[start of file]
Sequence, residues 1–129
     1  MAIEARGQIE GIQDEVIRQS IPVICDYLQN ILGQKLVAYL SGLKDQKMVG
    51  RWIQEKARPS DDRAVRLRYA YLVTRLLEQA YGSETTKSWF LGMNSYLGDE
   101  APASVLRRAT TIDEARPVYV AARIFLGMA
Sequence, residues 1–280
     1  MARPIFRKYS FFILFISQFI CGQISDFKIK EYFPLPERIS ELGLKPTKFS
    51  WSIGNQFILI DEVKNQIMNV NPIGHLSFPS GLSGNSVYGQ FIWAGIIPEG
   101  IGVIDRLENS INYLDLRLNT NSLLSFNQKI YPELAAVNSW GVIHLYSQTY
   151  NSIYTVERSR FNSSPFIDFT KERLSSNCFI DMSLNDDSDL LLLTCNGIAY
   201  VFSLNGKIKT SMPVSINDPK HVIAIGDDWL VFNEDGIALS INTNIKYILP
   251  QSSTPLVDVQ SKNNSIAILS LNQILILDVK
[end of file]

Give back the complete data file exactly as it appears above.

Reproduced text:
Sequence, residues 1–129
     1  MAIEARGQIE GIQDEVIRQS IPVICDYLQN ILGQKLVAYL SGLKDQKMVG
    51  RWIQEKARPS DDRAVRLRYA YLVTRLLEQA YGSETTKSWF LGMNSYLGDE
   101  APASVLRRAT TIDEARPVYV AARIFLGMA
Sequence, residues 1–280
     1  MARPIFRKYS FFILFISQFI CGQISDFKIK EYFPLPERIS ELGLKPTKFS
    51  WSIGNQFILI DEVKNQIMNV NPIGHLSFPS GLSGNSVYGQ FIWAGIIPEG
   101  IGVIDRLENS INYLDLRLNT NSLLSFNQKI YPELAAVNSW GVIHLYSQTY
   151  NSIYTVERSR FNSSPFIDFT KERLSSNCFI DMSLNDDSDL LLLTCNGIAY
   201  VFSLNGKIKT SMPVSINDPK HVIAIGDDWL VFNEDGIALS INTNIKYILP
   251  QSSTPLVDVQ SKNNSIAILS LNQILILDVK